Encountering God & Manifestations of the Spirit

The world is hungry for an authentic encounter with God. When one encounters the living God, however, it is remarkable what may happen. The Bible records many such incidences of the Spirit of the Lord coming upon someone and the results. The ancient Hebrews believed that encountering God to be synonymous with receiving the answers to one’s prayers. This is also seen through the woman with the issue of blood believing that if she could just touch Jesus that she would be healed (Mt. 9:21). If encountering the Lord is so important for answered prayer, and ultimately simply for relationship, one of the biggest dangers would be to be unaware of His presence. Yet throughout the Bible not recognizing the Lord is a common response to His arrival (Gen. 28:16, Luke 24:31, John 20:15). There are obviously common ways that the Holy Spirit encounters people today that the most in the church recognize – tears, repentance, and so forth. And truly those can be or are responses to the Holy Spirit. However, there are a variety of “outside the box” manifestations of the Holy Spirit that are occurring in churches today that should be looked at – like shaking, falling, laughter, and drunkenness in the Spirit. Many do not accept them in church simply because they are not the manifestations of the Holy Spirit that they are used to or comfortable with seeing. However, if these manifestations are truly from the Lord, it would be a grave danger to have had God encounter people, but the churches’ rejection of it based on not perceiving or being comfortable with it. To test the validity of outside the box manifestations, both biblical and historical evidence is needed to come to an adequate conclusion.

Biblical Precedence for Manifestations

To find the authenticity of the manifestations that come through encountering God, trembling, falling, laughter, and drunkenness should be traced in the Bible along with sharing the dangers of requiring a biblical precedent or requiring man’s system of order on them. Trembling or shaking is a very common manifestation in the Bible. Buildings shook due to the Lord's presence (Isaiah 6 and Acts 4:31), every living creature trembles in Ez. 38:20, demons tremble (James 2:19), and the temple guards shook and fell in Mt. 28:4. The prophet Daniel was left trembling after encountering the Lord in Daniel 10:10. There are many other recorded instances of shaking or trembling including Exodus 19:16, Isaiah 64:2, Psalm 114:7, Psalm 99:1, Jeremiah 5:22, and so forth.

Falling is also a very biblical phenomenon. The Bible records that after John had his vision of Jesus he "fell… as though dead" in Revelation 1:17. Ezekiel also would often fall like he was dead and then later be picked up or carried away by the Spirit (Ez 1:28, 2:2, 3:12-14, 23-24, and others). When Paul was on his Damascus Road journey, he encountered the power of God and fell to the ground (Acts 9:4). When Jesus was being arrested (John 18:6) and was questioned as to his identity, he declared who he was which prompted the guards to fall over backwards. 1 Samuel 19:24 records that the Spirit of the Lord came on Saul and he laid on the ground for a substantial period of time.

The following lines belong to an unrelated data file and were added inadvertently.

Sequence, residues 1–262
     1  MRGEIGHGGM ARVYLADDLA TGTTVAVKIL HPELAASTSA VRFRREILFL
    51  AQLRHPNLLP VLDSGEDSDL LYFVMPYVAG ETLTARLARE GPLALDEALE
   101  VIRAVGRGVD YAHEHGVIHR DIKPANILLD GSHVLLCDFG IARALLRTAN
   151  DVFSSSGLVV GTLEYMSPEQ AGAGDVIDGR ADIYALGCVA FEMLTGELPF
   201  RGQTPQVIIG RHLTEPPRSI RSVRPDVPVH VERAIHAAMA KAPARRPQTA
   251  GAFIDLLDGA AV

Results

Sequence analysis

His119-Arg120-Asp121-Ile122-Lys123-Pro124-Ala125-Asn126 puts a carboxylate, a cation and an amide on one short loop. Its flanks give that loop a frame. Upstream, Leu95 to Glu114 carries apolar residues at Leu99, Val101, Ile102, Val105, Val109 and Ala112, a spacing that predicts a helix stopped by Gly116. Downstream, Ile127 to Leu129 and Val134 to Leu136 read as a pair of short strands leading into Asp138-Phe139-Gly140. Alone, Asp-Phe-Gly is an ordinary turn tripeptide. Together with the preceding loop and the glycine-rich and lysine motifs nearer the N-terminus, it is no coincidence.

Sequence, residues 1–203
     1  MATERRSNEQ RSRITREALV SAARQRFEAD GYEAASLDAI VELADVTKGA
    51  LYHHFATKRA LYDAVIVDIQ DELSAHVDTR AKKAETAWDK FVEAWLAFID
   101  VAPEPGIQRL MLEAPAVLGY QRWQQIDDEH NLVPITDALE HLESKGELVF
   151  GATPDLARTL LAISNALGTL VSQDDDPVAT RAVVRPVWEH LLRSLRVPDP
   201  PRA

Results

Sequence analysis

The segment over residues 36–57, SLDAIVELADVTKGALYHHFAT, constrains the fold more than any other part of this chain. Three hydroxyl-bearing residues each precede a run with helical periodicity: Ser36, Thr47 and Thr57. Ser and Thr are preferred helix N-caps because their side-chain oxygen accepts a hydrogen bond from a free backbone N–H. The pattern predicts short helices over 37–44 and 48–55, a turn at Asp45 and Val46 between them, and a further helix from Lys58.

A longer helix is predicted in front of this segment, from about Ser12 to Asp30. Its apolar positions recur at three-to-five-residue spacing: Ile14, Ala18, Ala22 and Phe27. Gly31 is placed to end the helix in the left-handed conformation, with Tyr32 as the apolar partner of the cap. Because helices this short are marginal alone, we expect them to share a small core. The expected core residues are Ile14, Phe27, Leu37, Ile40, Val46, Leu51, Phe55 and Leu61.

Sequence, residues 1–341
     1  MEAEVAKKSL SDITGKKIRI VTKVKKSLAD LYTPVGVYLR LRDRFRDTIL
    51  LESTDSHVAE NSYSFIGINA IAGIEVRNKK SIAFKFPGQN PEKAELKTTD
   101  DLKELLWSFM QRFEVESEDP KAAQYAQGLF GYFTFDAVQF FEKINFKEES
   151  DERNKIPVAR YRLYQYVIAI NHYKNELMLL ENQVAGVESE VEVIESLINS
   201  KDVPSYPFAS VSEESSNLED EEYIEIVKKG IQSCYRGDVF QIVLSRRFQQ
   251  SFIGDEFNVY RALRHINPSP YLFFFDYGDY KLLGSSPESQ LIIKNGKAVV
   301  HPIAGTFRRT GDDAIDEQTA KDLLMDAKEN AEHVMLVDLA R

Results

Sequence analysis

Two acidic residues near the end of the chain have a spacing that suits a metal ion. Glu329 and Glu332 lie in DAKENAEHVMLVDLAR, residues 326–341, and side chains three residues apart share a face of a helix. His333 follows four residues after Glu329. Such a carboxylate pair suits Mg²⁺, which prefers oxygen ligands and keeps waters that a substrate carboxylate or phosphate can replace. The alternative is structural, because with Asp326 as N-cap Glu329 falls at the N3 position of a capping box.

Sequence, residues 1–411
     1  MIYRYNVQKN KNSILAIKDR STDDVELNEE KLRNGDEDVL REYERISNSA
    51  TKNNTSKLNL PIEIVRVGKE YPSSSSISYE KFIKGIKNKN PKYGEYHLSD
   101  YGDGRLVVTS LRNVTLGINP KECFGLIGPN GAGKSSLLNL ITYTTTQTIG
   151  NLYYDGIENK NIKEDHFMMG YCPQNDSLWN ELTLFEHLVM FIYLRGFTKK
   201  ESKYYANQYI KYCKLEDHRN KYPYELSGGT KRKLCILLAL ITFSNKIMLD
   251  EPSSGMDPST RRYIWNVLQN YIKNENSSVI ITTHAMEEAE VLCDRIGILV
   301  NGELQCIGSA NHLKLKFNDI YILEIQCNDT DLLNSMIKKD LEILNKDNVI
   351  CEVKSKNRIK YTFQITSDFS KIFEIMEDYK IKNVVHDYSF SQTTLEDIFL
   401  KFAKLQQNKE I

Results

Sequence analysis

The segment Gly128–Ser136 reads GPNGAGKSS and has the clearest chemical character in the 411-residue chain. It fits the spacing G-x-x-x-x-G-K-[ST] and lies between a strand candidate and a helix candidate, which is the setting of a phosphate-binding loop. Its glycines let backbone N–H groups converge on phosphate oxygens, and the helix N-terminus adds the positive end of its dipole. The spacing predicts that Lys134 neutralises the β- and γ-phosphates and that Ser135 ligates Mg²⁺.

The obvious biblical references to laughter would be where the word joy is used. It simply is not accurate to define joy as only an internal emotion that cannot be externally manifested. This runs the risk of redefining joy as peace. Therefore, to think that smiling and laughter could not occur when one has joy is utterly ridiculous! If His presence comes with fullness of joy (Psalm 16:11), there should be no surprise at extreme gladness and laughter being a manifestation of encounter.

Drunkenness by the Spirit is also seen in the Bible. In the Old Testament, Hannah was in a state of fervent prayer for a son. When the priest saw her praying, he thought she was drunk, but she assured him that she had not had wine or beer, but only was in a state of intense intercession (1 Sam. 1). It appears the most knowledgeable person in Hebrew society (the priest) thought this instance of intense intercession appeared exactly like drunkenness.

In the New Testament, Acts 2 records that the apostles appeared to be drunk to those who saw them speak in tongues. Common sense would indicate that just because someone speaks another language, this would not make them appear to be drunk. If someone saw another from a different part of the world speak their native language, they would not think they were drunk. They would think they spoke another language. Similarly, the apostles appeared drunk and this was something beyond speaking in tongues.